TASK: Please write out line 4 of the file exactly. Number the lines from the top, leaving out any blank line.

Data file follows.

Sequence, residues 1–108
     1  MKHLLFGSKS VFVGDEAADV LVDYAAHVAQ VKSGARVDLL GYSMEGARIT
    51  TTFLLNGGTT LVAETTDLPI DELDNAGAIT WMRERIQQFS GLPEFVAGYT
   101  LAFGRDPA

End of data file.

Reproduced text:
   101  LAFGRDPA